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Execution Of A Foreign Decree In India: Enforceability And Its Amplitude Over A Period Of Time

The rapid growth in digitalisation and globalisation of all the sectors in the Indian economy has brought in a wave of massive changes to dispute resolution mechanisms in the country. A great focus has been laid on improvising arbitration, in accordance with the global practices. India have reciprocal agreements with a lot of countries but still it's a long way out to cover most of the countries.

With the inclusion of various sections like sec.44A of CPC many other sections like these can be added to make India foreign decree friendly and to make procedures easy and give confidence to all for gaining justice in this global world.

This article aims to study in detail the execution of foreign decrees passed by a foreign court and the nature and scope of Sec. 13, Sec 14, Sec 44-A of the Civil Procedure Code, 1908. This paper also lays various decisions of the Supreme Court, High Courts and other Courts of India.

Background:
Before 1937 there was no way for the execution of a foreign judgement/decree in India, it was only after section 44A was inserted by the amendment in the Code of Civil Procedure, 1908 in 1937.

Before the introduction of the Section, there were no guidelines or statutory provisions by which decrees passed by Courts outside India could be enforced by the British Indian Courts. Madras High Court's judgments of N.P.A. K Muthiah Chettiar and Ors. Vs. K.S.Rm. Firm Shwebo Burma and Ors. (AIR 1957 Mad 25, (1955) 2 MLJ 608) and Sheik Ali Vs. Sheik Mohammad ((1966) 2 MLJ 346) sets out the historical aspect of the Section.

The section was an enabling provision for the enforcement of the foreign decree in India but restricted it only to the UK and a few reciprocating countries which are mentioned by the government or a bilateral treaty that has been signed.

The Section was significantly modified following Indian Independence. The words "United Kingdom or" were eliminated from sub-section (1) of the Section. The CPC Amendment Act No. 2 of 1951 changed the phrase "British India" to "the States," which was afterwards changed to "India."

Execution of the Foreign Decree:

A judgment given by a foreign reciprocating country is executed in the same way as if it has been passed by the Indian courts only. The application is needed to be filed under sec. 44A, Order XXI Rule 10 read with sec 151 of CPC. The format of the application for the same is given under Order XXI Rule 11 of CPC.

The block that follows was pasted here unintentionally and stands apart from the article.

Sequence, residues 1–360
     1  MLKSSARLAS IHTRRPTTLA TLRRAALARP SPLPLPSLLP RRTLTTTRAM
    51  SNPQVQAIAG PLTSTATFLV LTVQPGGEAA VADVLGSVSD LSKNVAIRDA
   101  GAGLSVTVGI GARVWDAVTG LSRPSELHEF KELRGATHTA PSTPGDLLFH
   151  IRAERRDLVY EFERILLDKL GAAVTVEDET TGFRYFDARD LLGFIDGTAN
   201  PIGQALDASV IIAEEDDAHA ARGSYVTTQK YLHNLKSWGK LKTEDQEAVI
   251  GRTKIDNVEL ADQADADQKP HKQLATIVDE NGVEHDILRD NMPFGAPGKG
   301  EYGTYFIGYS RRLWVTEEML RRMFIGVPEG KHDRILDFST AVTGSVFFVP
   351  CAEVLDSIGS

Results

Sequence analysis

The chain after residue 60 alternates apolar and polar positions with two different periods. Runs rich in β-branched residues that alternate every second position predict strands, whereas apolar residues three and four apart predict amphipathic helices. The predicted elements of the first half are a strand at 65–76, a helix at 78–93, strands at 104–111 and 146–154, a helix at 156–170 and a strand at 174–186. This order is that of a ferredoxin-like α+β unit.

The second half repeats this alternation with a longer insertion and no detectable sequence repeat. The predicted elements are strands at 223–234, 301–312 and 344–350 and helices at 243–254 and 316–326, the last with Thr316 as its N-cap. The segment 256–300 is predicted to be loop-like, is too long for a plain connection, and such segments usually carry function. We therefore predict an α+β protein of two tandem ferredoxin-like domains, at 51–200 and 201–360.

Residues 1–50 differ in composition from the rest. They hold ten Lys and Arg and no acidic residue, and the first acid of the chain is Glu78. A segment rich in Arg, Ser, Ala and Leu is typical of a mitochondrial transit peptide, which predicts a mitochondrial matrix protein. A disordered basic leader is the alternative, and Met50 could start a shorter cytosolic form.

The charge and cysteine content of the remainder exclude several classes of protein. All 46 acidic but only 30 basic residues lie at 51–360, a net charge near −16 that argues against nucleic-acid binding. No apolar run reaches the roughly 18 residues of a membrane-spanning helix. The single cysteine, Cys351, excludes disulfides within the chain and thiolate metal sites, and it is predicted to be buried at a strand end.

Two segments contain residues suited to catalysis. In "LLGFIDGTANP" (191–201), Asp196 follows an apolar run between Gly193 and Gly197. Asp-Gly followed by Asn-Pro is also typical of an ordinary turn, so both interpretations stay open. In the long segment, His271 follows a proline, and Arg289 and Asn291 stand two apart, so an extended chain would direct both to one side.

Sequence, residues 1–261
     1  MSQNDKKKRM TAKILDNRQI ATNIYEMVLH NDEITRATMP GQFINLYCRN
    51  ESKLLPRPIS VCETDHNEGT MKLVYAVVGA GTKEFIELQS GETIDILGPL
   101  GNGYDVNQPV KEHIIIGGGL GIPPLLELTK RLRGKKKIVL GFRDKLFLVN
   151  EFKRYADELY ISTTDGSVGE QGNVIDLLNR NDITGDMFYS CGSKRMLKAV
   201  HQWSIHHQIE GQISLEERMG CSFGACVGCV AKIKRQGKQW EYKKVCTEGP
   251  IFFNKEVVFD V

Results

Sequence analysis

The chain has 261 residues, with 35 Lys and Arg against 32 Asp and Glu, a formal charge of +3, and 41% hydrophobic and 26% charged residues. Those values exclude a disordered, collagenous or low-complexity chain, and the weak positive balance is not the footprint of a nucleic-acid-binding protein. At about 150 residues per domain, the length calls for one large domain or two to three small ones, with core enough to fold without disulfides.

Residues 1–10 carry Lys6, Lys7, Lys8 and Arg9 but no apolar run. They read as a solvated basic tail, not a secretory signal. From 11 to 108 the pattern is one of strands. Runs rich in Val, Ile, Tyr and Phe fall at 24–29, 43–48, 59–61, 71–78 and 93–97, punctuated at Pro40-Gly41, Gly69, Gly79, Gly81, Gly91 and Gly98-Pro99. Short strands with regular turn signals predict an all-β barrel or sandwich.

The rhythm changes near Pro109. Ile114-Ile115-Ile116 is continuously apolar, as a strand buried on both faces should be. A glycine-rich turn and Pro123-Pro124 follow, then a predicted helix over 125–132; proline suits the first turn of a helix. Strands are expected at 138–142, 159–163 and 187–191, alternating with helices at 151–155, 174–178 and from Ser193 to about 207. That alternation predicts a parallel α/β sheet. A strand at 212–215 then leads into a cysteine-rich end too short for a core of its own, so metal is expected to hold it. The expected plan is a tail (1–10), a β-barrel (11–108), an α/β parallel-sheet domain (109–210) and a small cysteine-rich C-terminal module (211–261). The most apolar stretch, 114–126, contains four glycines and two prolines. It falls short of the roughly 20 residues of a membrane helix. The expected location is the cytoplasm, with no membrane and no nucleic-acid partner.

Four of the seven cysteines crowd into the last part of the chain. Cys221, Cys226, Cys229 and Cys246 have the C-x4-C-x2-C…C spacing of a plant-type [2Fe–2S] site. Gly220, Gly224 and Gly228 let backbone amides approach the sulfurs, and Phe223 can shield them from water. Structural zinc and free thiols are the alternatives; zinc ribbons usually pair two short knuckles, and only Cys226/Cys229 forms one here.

The Code of Civil Procedure, 1908 laid down the procedure for the execution of a foreign decree in India. Sec 2(5) defines "foreign Court" as a Court situated outside India and not established by the authority of the Central Government, Sec 2(6) defines "foreign judgment" and says that it means a judgment that has been given by a foreign Court.

Whereas Section 44A of the code enables the foreign judgment to be executed in India and provides certain conditions for the execution of the foreign decree:
  • Must be of a Reciprocating country
  • Must be of a superior court.
  • Must be conclusive/final.
  • Does not fall under any of the exceptions mentioned under sec.13 of CPC.

What are Reciprocating countries?

Any country or territory outside of India that the Central Government declares to be a reciprocating territory by means of a notification in the Official Gazette is referred to as a "Reciprocating territory" for the purposes of this section, and "Superior Courts" in respect to such territory. Till now there are only 12 countries which are mentioned as Reciprocating countries/territories with U.A.E. being the latest to join in 2020.

A list of all the Reciprocating countries are:
  1. United Kingdom
  2. Trinidad & Tobago
  3. Hong Kong (Special Administrative Region)
  4. Aden
  5. Fiji
  6. Papua and New Guinea
  7. Bangladesh
  8. Singapore
  9. Federation of Malaya
  10. New Zealand
  11. The Cook Islands and the Trust Territories of Western Samoa
  12. United Arab Emirates

In the case of Moloji Nar Singh Rao vs Shankar Saran (SC). held that a foreign judgment of a reciprocating territory but which is not from a superior court cannot be executed in India. For this fresh suit has to filed in the same manner as done in the case of Non-reciprocating countries.

In Marine Geotechnics LLC v. Coastal Marine Construction and Engineering Ltd, the Bombay High court held that the decrees of Non-Reciprocating countries cannot be executed directly in the courts of India. The decree holder needs to file a new/fresh suit in the district court while the judgement of the foreign court will just be seen as an evident one.